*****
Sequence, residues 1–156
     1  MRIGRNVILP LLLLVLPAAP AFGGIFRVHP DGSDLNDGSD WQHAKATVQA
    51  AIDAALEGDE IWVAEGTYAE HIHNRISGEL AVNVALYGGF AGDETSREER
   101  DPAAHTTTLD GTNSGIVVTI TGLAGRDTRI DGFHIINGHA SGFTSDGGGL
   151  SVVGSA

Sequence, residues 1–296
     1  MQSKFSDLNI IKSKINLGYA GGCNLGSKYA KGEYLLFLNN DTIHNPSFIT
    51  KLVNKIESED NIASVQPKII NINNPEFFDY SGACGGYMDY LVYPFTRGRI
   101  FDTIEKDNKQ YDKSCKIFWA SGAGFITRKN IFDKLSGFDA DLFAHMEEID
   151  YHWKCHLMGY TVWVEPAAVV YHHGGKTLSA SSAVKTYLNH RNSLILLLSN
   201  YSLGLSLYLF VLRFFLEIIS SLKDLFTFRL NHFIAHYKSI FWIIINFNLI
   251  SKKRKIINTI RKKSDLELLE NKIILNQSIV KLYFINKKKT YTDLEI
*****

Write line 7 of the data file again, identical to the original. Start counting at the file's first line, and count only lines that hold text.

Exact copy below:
     1  MQSKFSDLNI IKSKINLGYA GGCNLGSKYA KGEYLLFLNN DTIHNPSFIT